1453: The Hundred Years War ends with England almost entirely expelled from France. Henry VI suffers a mental breakdown and becomes unfit to rule (if he wasn’t already). For the next eight years he goes in and out of lucidity. His mother consolidates power behind the throne.

1455: Richard of York (another cadet Plantagenet) launches the first War of the Roses in an attempt to take the throne. Much of England decays into warlordism. He is executed in 1460.

1461: Richard’s son wins the war and takes the throne as Edward IV, establishing the York dynasty. Crucial backing came from the wealthy and powerful Earl of Warwick, known as the Kingmaker.

1470: Warwick, having not quite mustered enough clout to depose Edward himself, changes sides and joins the Lancastrians. With his resources, supporters of Henry VI march on London and retake power. Warwick apparently intends Henry to be his puppet.

1471: Edward IV deposes Henry VI for the second time, killing Warwick at the battle of Barnet. This time Henry dies in the Tower of London… whether accidentally or deliberately is not known.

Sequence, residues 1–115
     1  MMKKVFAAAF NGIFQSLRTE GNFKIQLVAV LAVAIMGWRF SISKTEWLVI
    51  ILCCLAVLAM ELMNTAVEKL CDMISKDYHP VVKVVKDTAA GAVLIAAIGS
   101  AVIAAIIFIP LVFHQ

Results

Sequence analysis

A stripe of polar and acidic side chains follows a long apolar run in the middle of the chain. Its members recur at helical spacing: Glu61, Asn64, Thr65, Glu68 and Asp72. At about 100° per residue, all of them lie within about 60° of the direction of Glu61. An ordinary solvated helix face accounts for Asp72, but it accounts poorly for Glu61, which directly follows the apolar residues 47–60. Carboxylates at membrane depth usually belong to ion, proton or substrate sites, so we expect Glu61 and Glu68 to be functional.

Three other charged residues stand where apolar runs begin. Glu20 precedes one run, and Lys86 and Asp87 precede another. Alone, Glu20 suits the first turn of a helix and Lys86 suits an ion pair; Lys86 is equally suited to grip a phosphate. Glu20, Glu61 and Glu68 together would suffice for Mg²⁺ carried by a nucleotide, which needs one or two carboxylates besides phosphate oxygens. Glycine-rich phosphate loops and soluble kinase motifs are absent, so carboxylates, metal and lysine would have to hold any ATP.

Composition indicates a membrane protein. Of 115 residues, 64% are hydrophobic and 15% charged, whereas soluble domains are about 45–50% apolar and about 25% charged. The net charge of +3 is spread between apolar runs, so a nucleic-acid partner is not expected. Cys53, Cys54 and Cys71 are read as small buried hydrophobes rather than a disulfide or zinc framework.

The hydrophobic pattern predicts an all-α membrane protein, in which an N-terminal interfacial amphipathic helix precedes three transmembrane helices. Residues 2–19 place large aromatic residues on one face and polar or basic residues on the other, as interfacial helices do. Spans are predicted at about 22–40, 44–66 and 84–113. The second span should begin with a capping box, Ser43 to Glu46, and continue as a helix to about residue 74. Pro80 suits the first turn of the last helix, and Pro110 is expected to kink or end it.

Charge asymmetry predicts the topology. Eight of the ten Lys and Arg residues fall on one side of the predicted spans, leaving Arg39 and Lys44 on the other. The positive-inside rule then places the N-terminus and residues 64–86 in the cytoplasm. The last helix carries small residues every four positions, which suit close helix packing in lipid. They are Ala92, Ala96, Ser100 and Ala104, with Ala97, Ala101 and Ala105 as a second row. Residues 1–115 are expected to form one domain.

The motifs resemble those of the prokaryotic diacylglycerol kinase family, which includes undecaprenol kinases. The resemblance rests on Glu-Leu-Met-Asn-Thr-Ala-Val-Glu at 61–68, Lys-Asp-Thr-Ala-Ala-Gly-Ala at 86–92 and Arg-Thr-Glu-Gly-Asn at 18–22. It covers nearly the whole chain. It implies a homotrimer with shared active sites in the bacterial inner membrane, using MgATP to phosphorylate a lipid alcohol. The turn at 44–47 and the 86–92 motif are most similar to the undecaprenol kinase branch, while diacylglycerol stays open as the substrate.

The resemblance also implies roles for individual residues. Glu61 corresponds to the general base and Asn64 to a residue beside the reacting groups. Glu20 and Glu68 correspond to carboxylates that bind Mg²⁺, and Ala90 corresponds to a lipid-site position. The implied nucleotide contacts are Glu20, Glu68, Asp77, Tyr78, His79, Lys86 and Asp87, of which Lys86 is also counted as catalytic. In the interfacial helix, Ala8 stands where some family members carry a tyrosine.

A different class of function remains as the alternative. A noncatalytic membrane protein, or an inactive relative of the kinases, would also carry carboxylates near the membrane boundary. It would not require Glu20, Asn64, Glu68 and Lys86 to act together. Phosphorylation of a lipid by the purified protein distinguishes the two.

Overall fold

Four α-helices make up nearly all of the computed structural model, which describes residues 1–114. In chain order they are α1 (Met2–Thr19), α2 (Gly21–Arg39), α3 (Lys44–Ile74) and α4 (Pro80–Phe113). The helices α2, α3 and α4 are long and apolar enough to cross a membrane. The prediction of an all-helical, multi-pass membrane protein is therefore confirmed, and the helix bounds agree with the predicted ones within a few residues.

1483: Edward V succeeds his father at age twelve, but a political scheme promptly leads to him and his brother being declared illegitimate. His regent the Duke of Gloucester seizes power as Richard III, and Edward and his brother go into the Tower for “protection”, and never come out. Edward’s loyalists attack, but Richard defeats them. Both sides of this battle are Yorkist.

1485: Henry Tudor (a distant cousin of the Lancasters) defeats Richard III in battle, and marries Edward V’s sister Elizabeth of York to unite the claims, ending the Wars of the Roses.